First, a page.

TCM industry in Taiwan must go international, says Dr Chang.
TRADITIONAL Chinese medicine may have begun in China, but it is in Korea and Japan that it has blossomed.
Both Japan's Kanbo and Korea's traditional medicine, which are closely related to Chinese medicine, are modernised way ahead of TCM, according to Dr Chang Chung-gwo, chairman of the Committee on Chinese Medicine and Pharmacy in the Department of Health, Taiwan's top government authority on TCM.
He has visited both countries and is impressed by how well the quality control issue is tackled there and how their products are marketed abroad.
'The development of Western medicine now faces some bottlenecks, that is why scientists everywhere are turning to traditional medicine for clues to a breakthrough. How can one still lag behind in developing one's own treasure!' he tells Sunday Review.
After two years on the job, he has earned grudging admiration from even the most sceptical Western doctors for his fight for the rights of practitioners and his ambitious vision for TCM development.
It was Dr Chang who set the government's NT$3.5 billion (S$200 million) TCM Five-Year Plan in motion this year to transform Taiwan into a TCM Technology Island by 2006.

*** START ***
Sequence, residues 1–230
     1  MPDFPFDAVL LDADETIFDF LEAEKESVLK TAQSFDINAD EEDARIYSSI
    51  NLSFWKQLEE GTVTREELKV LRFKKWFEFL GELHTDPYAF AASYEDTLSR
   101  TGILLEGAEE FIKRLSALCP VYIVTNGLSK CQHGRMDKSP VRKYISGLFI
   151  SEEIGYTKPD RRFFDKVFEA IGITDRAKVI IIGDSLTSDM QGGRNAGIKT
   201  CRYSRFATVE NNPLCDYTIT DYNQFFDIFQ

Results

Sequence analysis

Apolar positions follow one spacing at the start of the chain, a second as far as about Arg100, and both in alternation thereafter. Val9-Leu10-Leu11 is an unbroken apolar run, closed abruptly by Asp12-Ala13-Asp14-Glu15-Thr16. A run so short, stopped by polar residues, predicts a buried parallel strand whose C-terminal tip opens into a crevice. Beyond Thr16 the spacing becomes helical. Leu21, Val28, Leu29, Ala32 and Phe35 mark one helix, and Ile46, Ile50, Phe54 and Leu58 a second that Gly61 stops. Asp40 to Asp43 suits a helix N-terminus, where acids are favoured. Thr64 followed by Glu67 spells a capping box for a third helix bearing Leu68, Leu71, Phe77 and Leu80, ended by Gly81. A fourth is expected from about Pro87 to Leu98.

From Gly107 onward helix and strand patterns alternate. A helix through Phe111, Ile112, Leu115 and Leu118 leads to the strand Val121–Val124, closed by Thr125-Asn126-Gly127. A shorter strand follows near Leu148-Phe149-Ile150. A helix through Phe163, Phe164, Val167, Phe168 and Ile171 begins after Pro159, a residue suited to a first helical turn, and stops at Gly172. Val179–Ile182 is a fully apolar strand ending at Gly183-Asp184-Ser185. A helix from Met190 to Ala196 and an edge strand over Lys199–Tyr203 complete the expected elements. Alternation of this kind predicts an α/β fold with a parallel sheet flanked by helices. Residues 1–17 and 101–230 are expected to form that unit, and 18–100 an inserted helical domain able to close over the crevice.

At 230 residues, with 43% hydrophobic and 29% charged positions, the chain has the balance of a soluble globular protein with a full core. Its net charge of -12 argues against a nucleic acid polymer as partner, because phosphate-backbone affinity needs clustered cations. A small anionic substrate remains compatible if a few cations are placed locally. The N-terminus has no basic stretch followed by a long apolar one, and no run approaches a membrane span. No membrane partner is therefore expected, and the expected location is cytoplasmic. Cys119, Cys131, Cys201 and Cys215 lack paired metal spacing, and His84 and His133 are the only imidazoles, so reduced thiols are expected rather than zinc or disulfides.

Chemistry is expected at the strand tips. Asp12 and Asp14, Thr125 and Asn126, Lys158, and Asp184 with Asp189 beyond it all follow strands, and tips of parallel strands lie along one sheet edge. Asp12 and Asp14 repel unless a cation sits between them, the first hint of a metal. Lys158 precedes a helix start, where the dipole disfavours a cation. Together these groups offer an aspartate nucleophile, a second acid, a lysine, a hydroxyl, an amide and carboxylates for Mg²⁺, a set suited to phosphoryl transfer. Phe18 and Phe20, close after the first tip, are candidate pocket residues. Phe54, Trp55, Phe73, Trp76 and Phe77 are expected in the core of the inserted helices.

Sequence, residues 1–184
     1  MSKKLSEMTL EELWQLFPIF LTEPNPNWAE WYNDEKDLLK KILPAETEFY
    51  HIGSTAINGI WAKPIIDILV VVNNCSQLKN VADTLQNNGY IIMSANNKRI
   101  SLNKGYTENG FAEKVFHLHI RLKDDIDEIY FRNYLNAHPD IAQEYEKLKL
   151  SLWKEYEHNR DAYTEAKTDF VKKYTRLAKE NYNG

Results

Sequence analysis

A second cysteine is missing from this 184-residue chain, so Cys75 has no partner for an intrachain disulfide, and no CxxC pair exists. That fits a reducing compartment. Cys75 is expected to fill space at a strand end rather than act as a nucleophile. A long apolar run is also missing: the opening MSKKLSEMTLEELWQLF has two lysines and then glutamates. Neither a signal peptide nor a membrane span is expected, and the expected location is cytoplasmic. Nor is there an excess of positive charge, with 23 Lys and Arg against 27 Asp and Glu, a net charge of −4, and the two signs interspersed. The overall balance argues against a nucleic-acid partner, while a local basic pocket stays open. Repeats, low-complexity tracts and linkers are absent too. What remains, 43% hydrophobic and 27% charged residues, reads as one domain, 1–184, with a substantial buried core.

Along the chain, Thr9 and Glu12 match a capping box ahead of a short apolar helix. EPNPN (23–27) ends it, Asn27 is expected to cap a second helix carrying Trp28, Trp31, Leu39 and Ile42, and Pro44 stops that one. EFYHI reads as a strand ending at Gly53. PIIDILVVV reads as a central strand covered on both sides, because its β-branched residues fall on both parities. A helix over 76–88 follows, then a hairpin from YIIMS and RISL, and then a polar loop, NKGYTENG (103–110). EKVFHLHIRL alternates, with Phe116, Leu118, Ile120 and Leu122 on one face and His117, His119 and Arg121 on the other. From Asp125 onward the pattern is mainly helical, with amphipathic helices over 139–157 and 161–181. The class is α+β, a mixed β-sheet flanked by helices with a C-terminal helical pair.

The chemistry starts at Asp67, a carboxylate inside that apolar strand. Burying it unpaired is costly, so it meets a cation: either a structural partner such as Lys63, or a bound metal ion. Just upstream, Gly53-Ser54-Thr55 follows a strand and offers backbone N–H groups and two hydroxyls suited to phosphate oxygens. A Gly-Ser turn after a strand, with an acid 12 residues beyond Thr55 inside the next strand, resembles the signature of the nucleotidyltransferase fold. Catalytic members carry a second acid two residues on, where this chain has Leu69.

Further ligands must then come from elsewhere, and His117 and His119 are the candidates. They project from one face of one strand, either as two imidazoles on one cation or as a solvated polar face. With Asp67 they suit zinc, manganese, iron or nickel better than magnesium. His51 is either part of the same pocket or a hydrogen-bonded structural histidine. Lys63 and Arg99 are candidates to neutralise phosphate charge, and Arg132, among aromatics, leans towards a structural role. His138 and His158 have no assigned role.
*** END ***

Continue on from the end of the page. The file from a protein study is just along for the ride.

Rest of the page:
As a licensed doctor in Western and Chinese medicine, he is very blunt in pointing out that the laws are unfair in forbidding people like him to practise both disciplines.
In his view, the integration of Western and Chinese medicine, which is the accepted status quo in China, provides better patient care than either.
Dr Chang, who is in his late 50s, was professor at Taiwan's prestigious China Medical College in Taichung before he came to his current position.
He says his most immediate concern now is the setting up of standards and specifications for tighter quality control.
Next is pushing for clinical trials that meet the strict standards of the US Food and Drug Administration to settle the issue of the efficacy of TCM once and for all.
He makes no bones about the fact that Taiwan's TCM industry must go international. Most of the funds in the TCM five-year plan, he says, will support the development to the clinical trial stage of between 30 and 50 new TCM drugs, which are targeted at the international market.
The game plan, he says, is for the drug formulations to be patented in the US for protection, and for the early phase of clinical trials to be done in Taiwan, as it is cheaper and subsidised by the government. But the international marketing rights will be licensed to global pharmaceutical giants.
He has set a target of NT$40 billion for Taiwan's TCM industry in 2006, both from the international sales of new TCM drugs and the development of related industries, such as new health food products, medical plasters, herbal skin care products, medicinal wines and so on.
Taiwan's TCM drugs market was NT$4.1 billion in 1999.
'It is embarrassing to see TCM lagging behind. China, Hongkong and Taiwan should cooperate closely for a stronger push to catch up. Singapore should hop on the wagon, too.'